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Review: The Shorter U.S. Theatrical Cut Of Michel Gondry’s ‘Mood Indigo’

Review: The Shorter U.S. Theatrical Cut Of Michel Gondry's 'Mood Indigo'

Mood Indigo,” the latest from the Michel Gondry dream factory, is something of a cinephile’s movie. The playful whimsy merchant might be closing a book or opening a new one, since the picture almost feels transitional. All the Gondry staples are there—the dreams that fold into reality, the un-acknowledged fantasy, the entirely-too-pleased-with-itself practical effects. But this feels different. Some will find this romantic fantasy the uber-Michel Gondry text, indulging in all his worst tendencies. But if anything, this is like the head-in-the-clouds fantasist finally closing his beloved sketchbook and facing the rest of the world.

In the Gondry role of the enterprising, selfish, dapper young man is Romain Duris, the sharp-jawed charmer who has represented Gaellic shorthand for easygoing charisma and traffic-stopping handsomeness. As Colin, a layabout inventor with a wild mind, he concocts implausible and unnecessary devices like a rotating table that serves drinks, or a pianococktail which is exactly what it sounds, and which characters refer to as if it were a common item.

Colin doesn’t have it all, however, which gives him an entitled bout of anger. When a dinner party approaches, Colin learns that he is the only person without a date. Frustrated with actual courtship (like all Gondry protagonists, he’s endlessly fidgety and impatient), he lucks into Chloe, played by the first lady of French cinema, the luminous Audrey Tautou. Considering the type of lightweight tale this is, you’re surprised Tautou’s introduction isn’t a grander gesture. This is likely evidence that Gondry has grown tired of his devices, because the meet-cute is a trend that Gondry has tirelessly reinvented in his films, placing his thinly-sketched female characters on a pedestal. It feels deconstructionist compared to Gondry’s other work because of what DOESN’T happen; never mind the fact that Ms. Tautou is so lovely that, really, every filmmaker stops their movies at a halt to briefly admire her.

Their courtship is filled with repeatedly juvenile inventions and flights of fancy, some more organically than others. If you have a problem with the way the two characters take off in a floating cloud car during one date without explanation, perhaps repeating Gondry 101 might be necessary, should you wish to re-engage with “Mood Indigo.” Gondry’s practical effects have run wild in this film, moreso than other ones, and it almost feels like he’s no longer in control of them. One dance sequence finds the characters’ legs grow to massive Gumby size, supposedly a necessity to perform a certain routine. And every time the alarm goes off in the apartment Colin shares with his cheery lawyer Nicholas, played by Omar Sy (has Gondry ever HAD a lawyer?), it scatters around the apartment like a jittering bug, avoiding Colin’s paranoid chase. Whimsical stop motion is as much a tool to Gondry as explosions are to Michael Bay and the two of them utilize those tools in exactly the same way.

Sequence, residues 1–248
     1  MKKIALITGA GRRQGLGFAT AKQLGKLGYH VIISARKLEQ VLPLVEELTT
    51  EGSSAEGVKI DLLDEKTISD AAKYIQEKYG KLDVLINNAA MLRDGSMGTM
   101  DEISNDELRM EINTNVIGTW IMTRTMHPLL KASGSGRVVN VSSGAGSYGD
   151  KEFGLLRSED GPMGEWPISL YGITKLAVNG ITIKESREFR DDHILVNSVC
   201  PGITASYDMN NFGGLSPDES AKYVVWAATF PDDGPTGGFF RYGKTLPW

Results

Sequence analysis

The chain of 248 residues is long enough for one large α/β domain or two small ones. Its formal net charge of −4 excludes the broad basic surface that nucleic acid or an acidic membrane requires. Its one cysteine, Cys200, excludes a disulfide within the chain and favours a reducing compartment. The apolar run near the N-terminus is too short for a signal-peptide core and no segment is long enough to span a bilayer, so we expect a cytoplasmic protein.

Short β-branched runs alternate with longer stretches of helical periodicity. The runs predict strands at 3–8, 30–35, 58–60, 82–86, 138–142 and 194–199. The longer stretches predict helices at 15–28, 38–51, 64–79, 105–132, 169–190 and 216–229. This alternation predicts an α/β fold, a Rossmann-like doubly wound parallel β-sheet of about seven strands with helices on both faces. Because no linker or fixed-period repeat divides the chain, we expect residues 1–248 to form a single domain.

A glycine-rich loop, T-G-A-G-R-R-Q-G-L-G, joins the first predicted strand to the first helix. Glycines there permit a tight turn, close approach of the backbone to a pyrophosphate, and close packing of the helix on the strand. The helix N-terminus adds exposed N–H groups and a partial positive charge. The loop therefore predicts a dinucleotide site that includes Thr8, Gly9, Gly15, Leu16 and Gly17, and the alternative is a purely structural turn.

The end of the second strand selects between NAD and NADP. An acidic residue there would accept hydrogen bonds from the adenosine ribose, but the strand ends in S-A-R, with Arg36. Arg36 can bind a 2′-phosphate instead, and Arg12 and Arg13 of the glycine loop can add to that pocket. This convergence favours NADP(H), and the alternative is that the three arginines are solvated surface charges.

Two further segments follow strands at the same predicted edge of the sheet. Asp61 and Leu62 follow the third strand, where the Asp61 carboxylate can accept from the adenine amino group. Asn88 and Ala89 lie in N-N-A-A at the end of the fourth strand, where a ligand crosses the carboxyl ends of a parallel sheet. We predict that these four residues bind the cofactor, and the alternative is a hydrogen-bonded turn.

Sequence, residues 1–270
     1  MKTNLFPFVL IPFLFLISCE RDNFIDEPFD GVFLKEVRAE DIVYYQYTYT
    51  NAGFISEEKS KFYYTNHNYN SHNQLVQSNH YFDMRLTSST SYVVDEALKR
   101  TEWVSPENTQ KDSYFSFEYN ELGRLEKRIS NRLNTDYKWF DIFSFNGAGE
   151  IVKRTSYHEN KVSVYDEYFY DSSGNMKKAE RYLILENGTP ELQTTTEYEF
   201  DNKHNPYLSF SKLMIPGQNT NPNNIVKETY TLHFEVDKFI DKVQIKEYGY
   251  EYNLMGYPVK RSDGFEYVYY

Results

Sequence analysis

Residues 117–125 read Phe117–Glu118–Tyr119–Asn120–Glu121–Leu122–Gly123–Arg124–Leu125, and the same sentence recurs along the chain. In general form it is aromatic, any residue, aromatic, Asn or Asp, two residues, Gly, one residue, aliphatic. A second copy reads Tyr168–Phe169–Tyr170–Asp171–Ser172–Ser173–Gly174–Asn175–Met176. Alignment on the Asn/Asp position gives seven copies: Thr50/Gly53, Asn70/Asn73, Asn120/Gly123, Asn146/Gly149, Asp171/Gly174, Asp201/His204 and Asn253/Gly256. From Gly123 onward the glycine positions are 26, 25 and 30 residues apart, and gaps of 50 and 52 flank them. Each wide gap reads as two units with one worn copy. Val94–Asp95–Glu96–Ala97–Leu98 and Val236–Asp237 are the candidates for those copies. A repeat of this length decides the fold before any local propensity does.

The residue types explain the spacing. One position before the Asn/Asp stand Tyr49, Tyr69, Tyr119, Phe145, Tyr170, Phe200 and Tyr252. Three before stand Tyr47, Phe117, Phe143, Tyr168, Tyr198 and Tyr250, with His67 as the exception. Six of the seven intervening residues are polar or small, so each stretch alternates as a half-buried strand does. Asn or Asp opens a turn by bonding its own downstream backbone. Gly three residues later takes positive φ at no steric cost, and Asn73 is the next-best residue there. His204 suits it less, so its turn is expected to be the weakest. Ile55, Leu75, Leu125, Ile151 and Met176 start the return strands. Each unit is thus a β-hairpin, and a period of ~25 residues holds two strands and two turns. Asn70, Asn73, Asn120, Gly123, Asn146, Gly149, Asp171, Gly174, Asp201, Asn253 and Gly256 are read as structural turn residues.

Suddenly, the relationship goes south—a little red ball of yarn forms in Chloe’s chest. She’s dying, and there is no invention on earth that can allow Colin to save her. This is when the picture basically turns out the light; the film actually does dim the color in this sequence. Colin has never previously worried about a job or money, but now he is broke. And, crucially, Gondry enters the picture as her doctor. His suggestions, including the endless supply of flowers he suggests will absorb the sickness, is exactly the sort of idea that would work in a Gondry movie. Like a Gondrian fool, Colin takes his every word as gospel. The fact that it doesn’t even remotely work suggests Gondry turning a page on his early career interests.

In fact, does Gondry even LIKE Colin? The filmmaker depicts the character’s life functioning according to the whims of a hidden room of typists, firing away at the elements of his life. At first, it seems like someone is watching over him. Soon, it’s just diction. The reversal that occurs in Colin’s life is karmic, basically, the suggestion that he’s skated by for far too long. The doctor that Gondry plays doesn’t seem to like Colin either. In one sequence, as he treats Chloe, he tries to let Colin know that it could be worse, and Gondry’s character procures from his wallet a snapshot of his own wife. Instead of being suddenly grateful, he merely, cruelly laughs at the doctor. Has Gondry found that his own work, his whole life, has been overly, unnecessarily charmed?

This autocriticism smooths over a basic story that ultimately, yes, does struggle to breathe under the weight of its own silliness. Omar Sy’s Nicholas is there to bring Colin back down to earth, but the friend (who is almost always cooking onscreen) seems to register his own specific, emotional depth. He’s playing a real person, but conceptual Colin is a construct. The cinematic, academic reading of the film proves vital. Without it, this is basically a paper-thin romance that turns sour far too quickly. [B]

Jessica Kiang reviewed the international longer cut at the Karlovy Vary Film Festival last year. You can read that review here.

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